BARCELONA: From former German tennis champion Boris Becker to Barcelona’s star striker Lionel Messi, many sports stars and bodies have fallen foul of the taxman over the past few years.
Messi became the latest star on Wednesday to be nabbed for tax evasion, when a Spanish court sentenced him and his father to 21 months in jail.
Messi thus joins football’s hall of shame:
In January, 2016, Argentina’s Javier Mascherano, who plays for Barcelona, accepted a one-year suspended prison sentence and a fine of 816,000 euros ($904,000)for committing tax fraud of 1.5 million euros.
President of German soccer club Bayern Munich Uli Hoeness was sentenced to three-and-a-half years behind bars after being convicted in March 2014 of having evaded paying at least 28.5 million euros in taxes.
Put on trial for having not declared lush revenues from stocks made in Switzerland in the years 2000, he was released from prison in late February 2016 after serving 21 months of his sentence.
In 2009, the Brazilian football 1994 world champion Romario de Souza Faria was sentenced to two-and-a-half years of community service and fined 391,000 reales (151,000 euros) for tax fraud by a Rio court.
Crumbling under debts and in spite of his legal woes the star striker then decided to enter politics.
He was elected federal deputy of the state of Rio de Janeiro in 2010. Four years later he was elected senator for the Brazilian socialist party and now has his eye on the post of Rio mayor.
In 2005, Argentine football legend Diego Maradona was ordered to pay 37.2 million euros for tax fraud by Italy’s top court. The sum has since grown to 40 million when interest is included.
The debts stem from alleged unpaid taxes during the time he played for Napoli from 1984-91 when he helped the club win its two Serie A titles.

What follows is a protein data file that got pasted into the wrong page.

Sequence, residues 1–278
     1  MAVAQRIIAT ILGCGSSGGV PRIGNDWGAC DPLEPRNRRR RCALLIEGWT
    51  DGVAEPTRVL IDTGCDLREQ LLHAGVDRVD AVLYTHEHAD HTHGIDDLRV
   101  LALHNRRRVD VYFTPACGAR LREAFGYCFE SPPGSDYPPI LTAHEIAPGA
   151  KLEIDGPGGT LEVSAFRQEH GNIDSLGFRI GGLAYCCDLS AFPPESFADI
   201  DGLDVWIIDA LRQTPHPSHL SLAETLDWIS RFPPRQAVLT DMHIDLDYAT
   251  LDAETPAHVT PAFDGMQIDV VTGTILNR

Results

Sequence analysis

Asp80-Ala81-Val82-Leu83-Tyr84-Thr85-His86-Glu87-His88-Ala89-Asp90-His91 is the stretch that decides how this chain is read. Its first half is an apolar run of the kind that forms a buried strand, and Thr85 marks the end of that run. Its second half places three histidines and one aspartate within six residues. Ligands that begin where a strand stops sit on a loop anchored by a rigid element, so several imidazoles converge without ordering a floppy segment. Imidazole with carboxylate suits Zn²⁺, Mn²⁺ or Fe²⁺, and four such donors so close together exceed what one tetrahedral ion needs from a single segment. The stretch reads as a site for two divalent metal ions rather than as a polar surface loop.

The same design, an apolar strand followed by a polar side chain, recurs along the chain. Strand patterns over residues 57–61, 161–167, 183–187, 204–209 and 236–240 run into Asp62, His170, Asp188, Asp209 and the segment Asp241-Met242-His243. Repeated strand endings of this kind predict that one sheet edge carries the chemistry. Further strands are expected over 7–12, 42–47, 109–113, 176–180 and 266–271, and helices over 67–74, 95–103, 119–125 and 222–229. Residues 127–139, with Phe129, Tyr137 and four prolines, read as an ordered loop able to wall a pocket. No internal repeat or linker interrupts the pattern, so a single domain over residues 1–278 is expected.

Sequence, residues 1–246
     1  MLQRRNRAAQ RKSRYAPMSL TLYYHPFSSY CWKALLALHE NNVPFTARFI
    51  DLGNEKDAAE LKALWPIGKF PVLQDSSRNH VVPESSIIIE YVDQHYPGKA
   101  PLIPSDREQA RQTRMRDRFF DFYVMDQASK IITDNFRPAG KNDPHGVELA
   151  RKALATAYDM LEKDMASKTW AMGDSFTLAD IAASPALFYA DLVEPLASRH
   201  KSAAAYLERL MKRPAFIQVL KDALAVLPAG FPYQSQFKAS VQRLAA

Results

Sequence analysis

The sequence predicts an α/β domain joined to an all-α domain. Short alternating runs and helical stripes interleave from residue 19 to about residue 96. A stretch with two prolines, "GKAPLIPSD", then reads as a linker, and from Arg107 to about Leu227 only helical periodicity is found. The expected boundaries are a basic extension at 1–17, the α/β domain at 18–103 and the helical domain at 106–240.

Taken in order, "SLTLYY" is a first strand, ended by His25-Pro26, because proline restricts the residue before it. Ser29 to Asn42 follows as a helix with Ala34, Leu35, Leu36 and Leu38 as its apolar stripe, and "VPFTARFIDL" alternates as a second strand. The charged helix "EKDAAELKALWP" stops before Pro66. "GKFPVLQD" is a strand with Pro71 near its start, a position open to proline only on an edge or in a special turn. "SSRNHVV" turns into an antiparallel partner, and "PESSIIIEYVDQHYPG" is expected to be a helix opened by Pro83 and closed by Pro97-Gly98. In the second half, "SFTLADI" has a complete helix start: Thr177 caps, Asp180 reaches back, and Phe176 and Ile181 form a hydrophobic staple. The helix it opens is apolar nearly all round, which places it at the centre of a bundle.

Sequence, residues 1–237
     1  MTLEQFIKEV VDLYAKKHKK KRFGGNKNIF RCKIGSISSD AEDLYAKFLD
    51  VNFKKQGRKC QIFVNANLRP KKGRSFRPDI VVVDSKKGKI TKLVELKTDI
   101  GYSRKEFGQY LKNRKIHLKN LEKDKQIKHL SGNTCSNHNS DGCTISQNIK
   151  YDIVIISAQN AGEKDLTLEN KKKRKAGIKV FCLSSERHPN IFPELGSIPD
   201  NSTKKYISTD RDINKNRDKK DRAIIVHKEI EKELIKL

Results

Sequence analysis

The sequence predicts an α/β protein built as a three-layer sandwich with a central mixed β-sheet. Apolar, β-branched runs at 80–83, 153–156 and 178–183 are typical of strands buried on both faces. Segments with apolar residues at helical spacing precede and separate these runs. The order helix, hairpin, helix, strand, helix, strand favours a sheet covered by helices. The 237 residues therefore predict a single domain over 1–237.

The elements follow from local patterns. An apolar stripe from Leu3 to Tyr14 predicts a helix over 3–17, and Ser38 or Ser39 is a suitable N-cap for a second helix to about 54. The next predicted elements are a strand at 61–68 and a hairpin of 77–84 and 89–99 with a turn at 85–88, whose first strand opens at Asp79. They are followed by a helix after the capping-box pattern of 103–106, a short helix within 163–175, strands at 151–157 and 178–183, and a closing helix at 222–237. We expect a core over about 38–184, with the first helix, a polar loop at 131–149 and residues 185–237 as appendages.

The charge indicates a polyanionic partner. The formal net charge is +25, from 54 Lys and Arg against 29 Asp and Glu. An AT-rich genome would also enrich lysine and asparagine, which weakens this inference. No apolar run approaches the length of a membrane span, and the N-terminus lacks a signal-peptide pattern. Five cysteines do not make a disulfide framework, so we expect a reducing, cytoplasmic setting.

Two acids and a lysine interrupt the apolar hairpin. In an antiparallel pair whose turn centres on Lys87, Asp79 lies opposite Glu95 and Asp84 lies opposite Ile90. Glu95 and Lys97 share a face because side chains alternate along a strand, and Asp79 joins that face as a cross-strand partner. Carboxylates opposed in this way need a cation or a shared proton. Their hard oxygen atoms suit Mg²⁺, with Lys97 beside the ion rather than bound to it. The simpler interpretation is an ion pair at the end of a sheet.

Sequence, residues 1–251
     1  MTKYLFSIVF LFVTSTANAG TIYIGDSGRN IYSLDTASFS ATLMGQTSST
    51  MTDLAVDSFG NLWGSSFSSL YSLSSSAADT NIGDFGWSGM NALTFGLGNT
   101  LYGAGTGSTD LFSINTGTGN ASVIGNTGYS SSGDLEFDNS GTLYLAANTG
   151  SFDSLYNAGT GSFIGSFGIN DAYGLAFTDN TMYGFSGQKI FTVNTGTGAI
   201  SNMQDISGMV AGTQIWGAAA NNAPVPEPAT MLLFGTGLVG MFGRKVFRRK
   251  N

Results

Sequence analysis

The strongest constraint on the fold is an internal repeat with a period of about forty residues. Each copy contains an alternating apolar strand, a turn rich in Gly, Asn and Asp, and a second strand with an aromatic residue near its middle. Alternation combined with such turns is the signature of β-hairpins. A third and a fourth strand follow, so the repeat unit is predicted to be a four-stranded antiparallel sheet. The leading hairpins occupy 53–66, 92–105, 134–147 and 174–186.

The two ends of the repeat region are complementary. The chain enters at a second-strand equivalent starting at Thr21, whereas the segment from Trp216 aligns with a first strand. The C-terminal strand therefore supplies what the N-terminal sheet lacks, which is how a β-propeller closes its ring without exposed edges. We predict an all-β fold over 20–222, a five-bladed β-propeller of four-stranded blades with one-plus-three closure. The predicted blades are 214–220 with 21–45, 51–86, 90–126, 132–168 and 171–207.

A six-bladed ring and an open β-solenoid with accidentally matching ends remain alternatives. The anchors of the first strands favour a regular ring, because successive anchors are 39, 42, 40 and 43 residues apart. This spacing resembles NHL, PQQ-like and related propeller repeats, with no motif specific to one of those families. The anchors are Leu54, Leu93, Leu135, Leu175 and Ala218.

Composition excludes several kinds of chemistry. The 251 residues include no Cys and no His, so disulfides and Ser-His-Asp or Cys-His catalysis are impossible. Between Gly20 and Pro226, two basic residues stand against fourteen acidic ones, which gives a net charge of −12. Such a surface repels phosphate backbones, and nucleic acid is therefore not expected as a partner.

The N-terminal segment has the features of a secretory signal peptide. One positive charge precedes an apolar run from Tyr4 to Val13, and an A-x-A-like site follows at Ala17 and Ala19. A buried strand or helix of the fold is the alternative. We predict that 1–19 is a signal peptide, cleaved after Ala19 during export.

Spanish tennis player Arantxa Sanchez was sentenced by a Spanish court to pay some 3.5 million euros in arrears, with the supreme court rejecting a final appeal in December 2009.
Former German tennis champion Boris Becker was sentenced to two years’ probation by a Munich court in October, 2002 for failing to pay 1.7 million euros in German taxes between 1991 and 1993.
The suspended sentence for the triple Wimbledon champion went along with a 500,000-euro fine.
The transfer of Brazilian striker Neymar to Barcelona in 2013 has been the object of numerous judicial proceedings in Spain and Brazil over the past three years.
In Brazil, a court in September 2015 froze part of the footballer’s assets – 43.5 million euros – for suspected tax evasion in relation to his transfer from Brazilian team Santos to Barca.
In mid-June Barcelona announced that it had accepted to pay a 5.5-million-euro fine for tax fraud in order to avoid going to trial.
In October 2014 the Italian financial police confiscated 900,000 euros of assets linked to the Italian footballer Fabio Cannavaro, suspected of tax fraud in an affair involving the renting of luxury boats.